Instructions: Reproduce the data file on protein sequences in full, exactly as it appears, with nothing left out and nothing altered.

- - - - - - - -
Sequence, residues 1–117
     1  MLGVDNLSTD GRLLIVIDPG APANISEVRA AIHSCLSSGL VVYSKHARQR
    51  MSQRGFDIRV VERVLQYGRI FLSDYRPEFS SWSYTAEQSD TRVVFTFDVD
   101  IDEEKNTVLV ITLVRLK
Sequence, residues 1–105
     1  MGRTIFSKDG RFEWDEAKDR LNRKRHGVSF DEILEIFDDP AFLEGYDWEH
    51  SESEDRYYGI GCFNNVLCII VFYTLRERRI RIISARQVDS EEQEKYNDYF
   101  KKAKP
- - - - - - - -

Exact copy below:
Sequence, residues 1–117
     1  MLGVDNLSTD GRLLIVIDPG APANISEVRA AIHSCLSSGL VVYSKHARQR
    51  MSQRGFDIRV VERVLQYGRI FLSDYRPEFS SWSYTAEQSD TRVVFTFDVD
   101  IDEEKNTVLV ITLVRLK
Sequence, residues 1–105
     1  MGRTIFSKDG RFEWDEAKDR LNRKRHGVSF DEILEIFDDP AFLEGYDWEH
    51  SESEDRYYGI GCFNNVLCII VFYTLRERRI RIISARQVDS EEQEKYNDYF
   101  KKAKP